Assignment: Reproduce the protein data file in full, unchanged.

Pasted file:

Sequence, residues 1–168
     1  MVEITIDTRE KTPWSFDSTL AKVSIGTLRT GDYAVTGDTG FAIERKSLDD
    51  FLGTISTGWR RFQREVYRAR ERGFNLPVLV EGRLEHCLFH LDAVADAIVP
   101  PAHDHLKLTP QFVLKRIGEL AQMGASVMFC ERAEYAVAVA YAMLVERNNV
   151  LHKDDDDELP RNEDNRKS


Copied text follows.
Sequence, residues 1–168
     1  MVEITIDTRE KTPWSFDSTL AKVSIGTLRT GDYAVTGDTG FAIERKSLDD
    51  FLGTISTGWR RFQREVYRAR ERGFNLPVLV EGRLEHCLFH LDAVADAIVP
   101  PAHDHLKLTP QFVLKRIGEL AQMGASVMFC ERAEYAVAVA YAMLVERNNV
   151  LHKDDDDELP RNEDNRKS